I find it interesting that out of the gate, Citrix is positioning App Layering as a direct competitor/replacement for Microsoft App-V, which I believe has more success supporting many different types of applications (this is based on my years of experience with App-V and minutes spent with Unidesk 🙂 ). I always viewed Unidesk as a more comprehensive approach to delivering a fully realized, layered solution. But let’s face it, most Citrix administrators/engineers have to become application analysts/re-packagers/engineers in order to make applications work in a Citrix deployment. This blog will not dive into using App Layering, but instead will try and shine some light on actually downloading this “new” product from Citrix

Requirements

Note: The following is based on discussions with our Citrix sales engineer and the Unidesk website
  • You must be active on Select Service to use it.
  • You must have platinum licensing if you wish to run App Layering on-premises.
  • You must have a one of the following hypervisors
    • Citrix XenServer (6.5, 7.0, 7.1)
    • Microsoft Azure
    • Microsoft Hyper-V (at least 2012 R2)
    • Nutanix Acropolis
    • VMware VSphere (5.5.x, 6.0.x, 6.5.x)
  • SMB Network File Share Protocol
  • A network connection of 10GB between the Layering appliance and the file share
  • One of the following publishing platforms
    • Citrix MCS for Nutanix AHV
    • Citrix MCS for vSphere
    • Citrix MCS for XenServer
    • Citrix PVS 7.1, 7.6 – 7.9, 7.11 – 7.12 with recommended network speeds to the PVS Store of 10 GB.
    • Citrix XenApp and XenDesktop 6.5, 7.0 – 7.12
    • Microsoft Azure, with recommended network speeds to the Azure publishing location of 10 GB.
    • VMware Horizon View 6.x, 7.0.x (Note: View Persona Management is not supported with Elastic Layering)
  • A Citrix Cloud Account

How to Download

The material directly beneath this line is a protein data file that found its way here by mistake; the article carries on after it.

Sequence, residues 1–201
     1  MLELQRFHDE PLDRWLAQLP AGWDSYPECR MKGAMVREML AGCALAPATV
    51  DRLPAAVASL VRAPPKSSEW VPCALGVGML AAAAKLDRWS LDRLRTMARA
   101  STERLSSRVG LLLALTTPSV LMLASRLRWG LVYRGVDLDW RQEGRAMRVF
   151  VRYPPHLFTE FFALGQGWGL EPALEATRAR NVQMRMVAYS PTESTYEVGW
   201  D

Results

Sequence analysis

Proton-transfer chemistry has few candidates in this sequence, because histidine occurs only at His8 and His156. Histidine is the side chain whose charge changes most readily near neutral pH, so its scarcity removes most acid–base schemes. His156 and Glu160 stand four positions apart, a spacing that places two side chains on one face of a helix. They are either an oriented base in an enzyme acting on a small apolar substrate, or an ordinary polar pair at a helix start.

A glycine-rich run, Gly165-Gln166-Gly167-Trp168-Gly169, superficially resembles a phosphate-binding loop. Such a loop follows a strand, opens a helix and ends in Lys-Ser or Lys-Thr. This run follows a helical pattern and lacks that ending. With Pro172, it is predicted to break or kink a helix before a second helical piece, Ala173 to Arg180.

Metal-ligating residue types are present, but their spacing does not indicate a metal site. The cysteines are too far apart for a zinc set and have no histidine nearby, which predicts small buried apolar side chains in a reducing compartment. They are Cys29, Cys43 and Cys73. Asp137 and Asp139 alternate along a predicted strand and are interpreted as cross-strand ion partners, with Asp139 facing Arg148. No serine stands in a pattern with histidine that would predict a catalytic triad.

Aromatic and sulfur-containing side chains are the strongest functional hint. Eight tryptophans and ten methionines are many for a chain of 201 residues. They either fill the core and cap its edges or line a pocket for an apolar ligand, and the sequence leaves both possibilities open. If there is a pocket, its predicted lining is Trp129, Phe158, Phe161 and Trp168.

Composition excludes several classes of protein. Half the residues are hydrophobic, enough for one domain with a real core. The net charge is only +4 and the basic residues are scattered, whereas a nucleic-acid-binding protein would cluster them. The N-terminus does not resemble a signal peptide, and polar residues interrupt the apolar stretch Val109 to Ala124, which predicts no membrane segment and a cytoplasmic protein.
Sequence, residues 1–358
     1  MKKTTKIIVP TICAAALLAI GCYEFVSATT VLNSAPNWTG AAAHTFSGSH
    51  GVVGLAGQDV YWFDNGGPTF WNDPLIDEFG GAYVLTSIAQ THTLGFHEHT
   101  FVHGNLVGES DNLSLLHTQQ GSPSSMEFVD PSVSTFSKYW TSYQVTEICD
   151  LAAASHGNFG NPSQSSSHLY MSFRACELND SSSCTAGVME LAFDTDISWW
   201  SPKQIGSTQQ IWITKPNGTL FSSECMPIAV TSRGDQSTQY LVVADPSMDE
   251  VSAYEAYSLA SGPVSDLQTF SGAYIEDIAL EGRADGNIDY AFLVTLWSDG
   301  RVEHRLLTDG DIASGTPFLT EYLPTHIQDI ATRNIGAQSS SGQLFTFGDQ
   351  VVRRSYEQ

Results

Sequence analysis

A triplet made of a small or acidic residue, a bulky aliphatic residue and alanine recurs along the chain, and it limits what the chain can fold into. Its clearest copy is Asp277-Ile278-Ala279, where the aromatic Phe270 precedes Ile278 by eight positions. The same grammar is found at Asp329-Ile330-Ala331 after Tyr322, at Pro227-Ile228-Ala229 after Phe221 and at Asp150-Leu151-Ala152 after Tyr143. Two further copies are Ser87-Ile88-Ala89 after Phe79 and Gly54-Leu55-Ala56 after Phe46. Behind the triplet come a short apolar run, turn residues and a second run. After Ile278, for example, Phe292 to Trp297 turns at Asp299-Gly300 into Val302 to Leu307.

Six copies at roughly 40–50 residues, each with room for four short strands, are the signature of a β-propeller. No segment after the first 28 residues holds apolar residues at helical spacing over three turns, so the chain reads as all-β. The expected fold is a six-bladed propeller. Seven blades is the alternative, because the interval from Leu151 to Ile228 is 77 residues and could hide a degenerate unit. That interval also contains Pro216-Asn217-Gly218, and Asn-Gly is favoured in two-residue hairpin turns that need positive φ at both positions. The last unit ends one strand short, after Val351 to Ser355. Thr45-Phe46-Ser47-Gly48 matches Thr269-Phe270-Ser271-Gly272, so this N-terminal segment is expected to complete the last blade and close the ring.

Login into your Citrix Cloud Account
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Go down to Available Services and click Request Trial on App Layering
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Once you receive an email from Citrix Cloud, log back into your account. Find App Layering and click Manage
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On the App Layering screen, click Get Started
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Install the Cloud Connector (This will be required if you do not have local resources to run the appliance).

Note: Installing the Cloud Connector will affect your existing Citrix Studio install. You will have to uninstall the Cloud Connector and Studio and then reinstall Studio if you installed the Connector accidentally or just to try it out.

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Download the appliance
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Install and Configure the Appliance
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That’s all for now

I won’t cover the install and configuration of the appliance at this time. Hopefully, this helps shed some light on actually downloading the appliance. If you do not have Platinum Citrix licensing or Select, you can still download a trial from the Unidesk web site.

Thanks for reading,
Alain